The Stølsruta Historical Hiking Route is a 5-day trek through the mountain farm plateaus of the Valdres region. The word “støl” is Norwegian for a mountain farm used in summer. Running between mountain farm settlements, along old roads and livestock trails, the route leads you through grazing land and flowery meadows, alongside clear mountain lakes and into forests. The detours along mountain trails offer far-reaching views of the vast landscape spreading out before you.
For thousands of years, people and animals have lived together on these plains, the ancient harvesting culture shaping the surrounding flora and fauna. Although the number of summer mountain farms in Norway has decreased dramatically during the last 100 years, the summer mountain farm culture is still vibrant in Valdres. There are about 200 farms in operation today, a hundred of which you'll find in settlements on these vast expanses of land.
Beginning among the gentle forested hillsides of Tisleidalen in Northern Aurdal, the route runs northwest to the settlements of Gauklie and Tyrisholt, over the hills of Revulen and down to the settlements at Nøsen in Western Slidre. From there, the route travels along the mountainsides of Svenskeknippa and Noseknippa, before leading down to the settlement of Jaslangen. The trail continues along Movatnet Lake to Flikja before going northward alongside Gilafjellet to Syndinstøga. The final leg of the route follows Nordre Syndin Lake and Ala River, rounding Hugakollen Mountain before traveling into the valley of Vang.
Stølsruta requires endurance and planning, as it covers a total of 68 kilometers. However, the five suggested stages make the route quite manageable. Stay overnight in the tiny unstaffed cabins and mountain lodges along the trail. The most significant elevation changes are the 300-meter ascent from Nøsen to the mountainsides of Svenskeknippa and Noseknippa and the 530-meter descent from Hugakollen Mountain to the valley of Vang. There are no particularly steep or exposed sections. Undertaking the whole route is suitable for those with some mountain hiking experience and good fitness.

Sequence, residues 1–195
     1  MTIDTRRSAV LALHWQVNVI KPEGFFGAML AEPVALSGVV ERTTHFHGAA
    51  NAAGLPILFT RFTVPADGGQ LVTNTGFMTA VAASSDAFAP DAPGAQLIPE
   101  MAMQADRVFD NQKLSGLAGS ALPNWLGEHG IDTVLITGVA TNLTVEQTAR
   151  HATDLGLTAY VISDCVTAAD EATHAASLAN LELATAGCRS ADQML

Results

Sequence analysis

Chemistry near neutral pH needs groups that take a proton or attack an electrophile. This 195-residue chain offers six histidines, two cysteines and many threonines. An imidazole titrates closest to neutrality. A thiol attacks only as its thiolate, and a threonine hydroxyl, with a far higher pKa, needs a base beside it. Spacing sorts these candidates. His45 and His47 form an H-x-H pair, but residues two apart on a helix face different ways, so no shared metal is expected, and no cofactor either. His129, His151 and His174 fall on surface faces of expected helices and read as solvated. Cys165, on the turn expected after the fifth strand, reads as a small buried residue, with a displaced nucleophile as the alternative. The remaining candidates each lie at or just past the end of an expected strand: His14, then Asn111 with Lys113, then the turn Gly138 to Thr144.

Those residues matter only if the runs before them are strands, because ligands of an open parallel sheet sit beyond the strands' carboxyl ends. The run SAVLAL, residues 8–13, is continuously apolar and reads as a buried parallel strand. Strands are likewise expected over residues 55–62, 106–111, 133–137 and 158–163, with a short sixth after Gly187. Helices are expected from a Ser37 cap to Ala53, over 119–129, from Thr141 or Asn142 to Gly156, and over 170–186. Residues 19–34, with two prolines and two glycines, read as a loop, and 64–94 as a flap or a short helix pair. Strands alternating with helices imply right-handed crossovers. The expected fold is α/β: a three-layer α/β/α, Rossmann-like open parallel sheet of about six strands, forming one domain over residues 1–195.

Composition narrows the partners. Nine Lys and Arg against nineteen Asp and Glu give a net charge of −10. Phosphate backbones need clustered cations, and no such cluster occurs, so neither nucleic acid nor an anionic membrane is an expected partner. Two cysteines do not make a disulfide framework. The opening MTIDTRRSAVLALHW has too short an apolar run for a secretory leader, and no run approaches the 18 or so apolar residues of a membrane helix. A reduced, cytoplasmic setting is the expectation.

The route is best hiked from July to October. The first and final legs can be accessed by bus. The intermediate legs are reachable by car, making for scenic, less demanding day trips.
While the intermediate stages of Stølsruta are reachable by car only, you can access the first and final stage, Merket in Tiseidalen and Sørre Hemsing in Vang, by bus.
The regional route 139 (Fagernes-Gol) and the local route 304 (Fagernes-Sinderstølen) connect Fagernes and Tisleidalen. If planning on staying overnight at Merket and starting the hike the next morning, the closest bus stop is Bjørkestølen. If not staying overnight at Merket, a tip is to take the bus to the next stop Villmarkstunet and start the hike from there. Bus 139 takes about 25 minutes, while Bus 304 is a school route that takes about 1 hour.
The endpoint Sørre Hemsing in Vang has connections both to Oslo (NW160 Valdresekspressen) and Bergen (NW162 Øst-Vestekspressen). These express buses also stop in Fagernes. From Fagernes, it’s also possible to take the local route 303 (Fagernes-Tyinkrysset) or the regional route 138 (Fagernes-Tyin-Lærdal). The closest stop to Sørre Hemsing is Hemsingbrue Øylo.